23
Apr
09

Review: The Descent

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American horror flicks have been in a real rut of late. From the wave of watered down Japanese horror, to the Saws and Hostels that confuse stomach-churning with thought-provoking—hell, even the pairing of genre titans in Freddy vs Jason was a fairly bland affair. Judging by Neil Marshall’s The Descent, it takes a Brit to remind us how it’s supposed to be done. Sarah (Shauna Macdonald) and her female friends are established as a rugged, outdoorsy bunch in the opening scene of whitewater rafting. But after tragedy strikes Sarah’s family, her buddies decide the best therapy is…spelunking? Meeting up with their American friend Juno (Natalie Mendoza), who incidentally may or may not have been sleeping with Sarah’s husband, they venture into an unexplored Appalachian cave system where they find themselves very unwelcome guests. Without giving away too much about just what these plucky spelunkers encounter, picture a blind, even paler Gollum with anger management issues and a taste for human flesh. But thankfully we live in a post-Buffy world, which means that beautiful girls in danger don’t simply whimper and run—they roll up their sleeves and commence to kicking ass, transforming from J. Crew-modelesque milquetoasts into badass battle babes along the way. Cinematographer Sam McCurdy visually strands the viewer right alongside the protagonists in impossibly narrow, barely lit passages. Often two thirds of the screen is pitch black, a lone flashlight beam providing the only illumination and the chiaroscuro effect heightening the sense of claustrophobia. Marshall’s script has a recurring theme of rebirth, and viewers obsessed with reading every film as a subversive political metaphor should have a field day with the charismatic American who lies to her UK allies, eventually embroiling them in a bloody, complicated war. Sure the film has cheesy dialogue (After a cave-in blocks their escape route: “This is not good, guys.”), and plot holes a mile wide (why wouldn’t a blind predator rely on a heightened sense of smell?), but it also contains tight pacing, numerous expertly timed “boo!” scares, and a generous helping of unapologetic gore that’s been missing from the glut of PG-13 “horror” movies currently plaguing American screens. The Descent brings the pain in more ways than one, and reminds us yanks we need to step up our guignol game.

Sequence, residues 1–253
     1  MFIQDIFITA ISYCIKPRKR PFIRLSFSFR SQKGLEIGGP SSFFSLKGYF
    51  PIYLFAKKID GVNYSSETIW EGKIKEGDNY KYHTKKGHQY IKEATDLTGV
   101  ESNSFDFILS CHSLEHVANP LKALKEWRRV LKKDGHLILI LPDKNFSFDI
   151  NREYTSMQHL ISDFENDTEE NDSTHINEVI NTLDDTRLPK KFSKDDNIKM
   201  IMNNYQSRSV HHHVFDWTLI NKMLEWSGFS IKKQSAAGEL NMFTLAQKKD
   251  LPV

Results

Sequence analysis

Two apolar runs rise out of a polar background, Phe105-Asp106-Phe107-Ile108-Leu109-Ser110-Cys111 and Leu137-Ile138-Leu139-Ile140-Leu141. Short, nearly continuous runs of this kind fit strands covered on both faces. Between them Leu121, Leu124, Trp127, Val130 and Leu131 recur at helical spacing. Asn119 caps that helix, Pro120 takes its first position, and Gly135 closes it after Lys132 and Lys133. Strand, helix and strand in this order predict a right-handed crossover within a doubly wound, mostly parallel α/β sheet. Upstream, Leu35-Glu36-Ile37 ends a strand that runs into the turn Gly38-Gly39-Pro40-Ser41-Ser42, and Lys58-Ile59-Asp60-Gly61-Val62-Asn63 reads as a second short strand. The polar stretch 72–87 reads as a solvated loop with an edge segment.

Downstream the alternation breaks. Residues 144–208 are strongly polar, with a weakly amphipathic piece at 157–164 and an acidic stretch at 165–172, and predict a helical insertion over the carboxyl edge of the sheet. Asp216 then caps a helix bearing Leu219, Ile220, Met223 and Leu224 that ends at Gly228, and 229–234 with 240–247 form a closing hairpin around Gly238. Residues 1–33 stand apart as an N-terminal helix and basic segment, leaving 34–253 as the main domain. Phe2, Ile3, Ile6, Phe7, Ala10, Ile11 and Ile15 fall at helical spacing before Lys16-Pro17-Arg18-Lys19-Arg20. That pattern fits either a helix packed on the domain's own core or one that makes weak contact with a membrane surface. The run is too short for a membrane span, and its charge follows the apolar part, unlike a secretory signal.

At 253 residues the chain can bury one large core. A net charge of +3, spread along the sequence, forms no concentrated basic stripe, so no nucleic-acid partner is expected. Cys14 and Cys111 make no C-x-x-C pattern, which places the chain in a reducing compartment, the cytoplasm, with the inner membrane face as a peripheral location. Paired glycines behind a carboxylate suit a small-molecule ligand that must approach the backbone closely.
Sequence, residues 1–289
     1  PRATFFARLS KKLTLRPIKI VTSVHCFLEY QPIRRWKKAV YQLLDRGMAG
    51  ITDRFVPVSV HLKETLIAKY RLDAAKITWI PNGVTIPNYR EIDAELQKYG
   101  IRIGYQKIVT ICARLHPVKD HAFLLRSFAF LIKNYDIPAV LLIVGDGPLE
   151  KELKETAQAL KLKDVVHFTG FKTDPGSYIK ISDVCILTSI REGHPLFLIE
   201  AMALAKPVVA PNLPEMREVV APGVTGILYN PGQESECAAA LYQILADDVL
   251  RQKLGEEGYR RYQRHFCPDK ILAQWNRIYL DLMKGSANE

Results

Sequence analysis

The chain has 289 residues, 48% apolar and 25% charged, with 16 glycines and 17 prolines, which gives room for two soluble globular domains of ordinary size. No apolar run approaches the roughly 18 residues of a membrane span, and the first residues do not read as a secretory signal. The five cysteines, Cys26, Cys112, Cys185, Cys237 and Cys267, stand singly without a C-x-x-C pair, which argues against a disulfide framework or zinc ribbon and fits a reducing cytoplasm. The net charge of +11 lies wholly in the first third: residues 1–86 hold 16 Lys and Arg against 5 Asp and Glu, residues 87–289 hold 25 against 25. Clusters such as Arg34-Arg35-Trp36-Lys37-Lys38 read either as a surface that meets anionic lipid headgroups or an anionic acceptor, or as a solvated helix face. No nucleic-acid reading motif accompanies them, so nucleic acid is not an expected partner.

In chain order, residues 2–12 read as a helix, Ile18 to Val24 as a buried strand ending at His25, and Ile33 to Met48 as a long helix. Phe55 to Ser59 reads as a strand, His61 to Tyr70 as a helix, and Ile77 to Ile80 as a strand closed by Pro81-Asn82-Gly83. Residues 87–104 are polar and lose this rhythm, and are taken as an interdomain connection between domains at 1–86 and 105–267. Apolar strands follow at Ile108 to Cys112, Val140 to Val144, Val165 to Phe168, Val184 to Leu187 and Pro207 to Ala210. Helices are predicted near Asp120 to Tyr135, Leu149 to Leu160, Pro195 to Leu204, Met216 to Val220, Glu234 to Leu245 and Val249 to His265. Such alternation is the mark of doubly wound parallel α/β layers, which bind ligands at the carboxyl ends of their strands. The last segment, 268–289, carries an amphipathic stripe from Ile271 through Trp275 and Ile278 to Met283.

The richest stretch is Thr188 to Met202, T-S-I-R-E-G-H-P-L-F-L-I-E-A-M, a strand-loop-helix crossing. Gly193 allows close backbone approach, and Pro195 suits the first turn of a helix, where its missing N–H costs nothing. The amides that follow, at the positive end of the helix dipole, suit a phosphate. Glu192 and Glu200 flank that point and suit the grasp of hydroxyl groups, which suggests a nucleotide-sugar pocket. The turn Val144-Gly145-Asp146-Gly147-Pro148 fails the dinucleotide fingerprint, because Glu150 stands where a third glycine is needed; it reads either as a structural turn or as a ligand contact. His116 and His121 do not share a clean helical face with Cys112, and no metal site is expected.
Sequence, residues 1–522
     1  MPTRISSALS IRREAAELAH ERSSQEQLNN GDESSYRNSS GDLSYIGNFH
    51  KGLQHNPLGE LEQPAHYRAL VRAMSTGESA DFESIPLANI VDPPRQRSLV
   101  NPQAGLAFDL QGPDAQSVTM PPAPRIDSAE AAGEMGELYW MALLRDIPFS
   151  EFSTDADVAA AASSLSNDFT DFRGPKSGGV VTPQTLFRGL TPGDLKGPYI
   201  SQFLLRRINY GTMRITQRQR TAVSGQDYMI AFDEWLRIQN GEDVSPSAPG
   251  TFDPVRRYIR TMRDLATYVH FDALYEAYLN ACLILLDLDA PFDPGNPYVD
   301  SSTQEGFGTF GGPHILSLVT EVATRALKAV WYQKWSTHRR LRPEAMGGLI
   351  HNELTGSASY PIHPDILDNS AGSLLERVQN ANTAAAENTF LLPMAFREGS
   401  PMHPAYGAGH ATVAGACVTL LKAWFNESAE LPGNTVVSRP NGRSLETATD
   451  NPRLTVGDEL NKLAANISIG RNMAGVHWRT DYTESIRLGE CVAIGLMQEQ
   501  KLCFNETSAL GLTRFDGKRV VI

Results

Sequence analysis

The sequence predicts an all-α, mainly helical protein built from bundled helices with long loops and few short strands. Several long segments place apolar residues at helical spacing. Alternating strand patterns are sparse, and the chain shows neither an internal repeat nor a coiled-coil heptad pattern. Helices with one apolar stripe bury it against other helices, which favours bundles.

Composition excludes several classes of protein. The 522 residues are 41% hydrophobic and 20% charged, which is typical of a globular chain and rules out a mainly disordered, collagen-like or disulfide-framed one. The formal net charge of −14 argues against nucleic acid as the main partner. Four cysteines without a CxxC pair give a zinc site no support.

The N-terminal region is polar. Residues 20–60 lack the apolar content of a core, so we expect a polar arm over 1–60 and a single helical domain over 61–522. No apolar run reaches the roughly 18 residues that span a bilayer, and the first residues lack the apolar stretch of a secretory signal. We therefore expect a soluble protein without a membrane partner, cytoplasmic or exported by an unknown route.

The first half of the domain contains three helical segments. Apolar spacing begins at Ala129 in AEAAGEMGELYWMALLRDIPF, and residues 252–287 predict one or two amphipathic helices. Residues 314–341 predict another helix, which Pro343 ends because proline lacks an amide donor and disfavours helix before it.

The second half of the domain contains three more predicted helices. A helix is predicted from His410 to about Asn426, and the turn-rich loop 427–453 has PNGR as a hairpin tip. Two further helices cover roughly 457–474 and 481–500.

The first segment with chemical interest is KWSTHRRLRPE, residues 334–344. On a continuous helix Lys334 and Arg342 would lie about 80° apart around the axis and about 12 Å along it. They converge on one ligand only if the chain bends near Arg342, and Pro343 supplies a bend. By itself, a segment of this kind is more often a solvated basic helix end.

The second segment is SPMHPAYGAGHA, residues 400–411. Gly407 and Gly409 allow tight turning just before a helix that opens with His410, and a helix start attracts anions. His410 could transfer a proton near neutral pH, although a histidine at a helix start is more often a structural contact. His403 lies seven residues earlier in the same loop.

21
Apr
09

This Just In: Thirst Promo Shots

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Okay, it’s beginning to seem like Park Chan-wook’s upcoming priest-turned-vampire film Thirst is the only movie I’m writing about here, but after all it is the new film from the director of the Vengeance Trilogy, it does star one of Korea’s best actors (Song Kang-ho), and it could very possibly be a breakthrough role for Dasepo Naughty Girls starlet Kim Ok-bin. So every new bit of info on this film is a huge point of interest to me (and hopefully, you too if you’re still reading), including these new promo shots which will run in the Korean editions of Vogue and Cosmopolitan leading up to next week’s theatrical release.  You can peep the full set here.

09
Apr
09

Trailer: Full Thirst Trailer With English Subtitles

Click the image to watch the subtitled trailer.

Click the image to watch the subtitled trailer.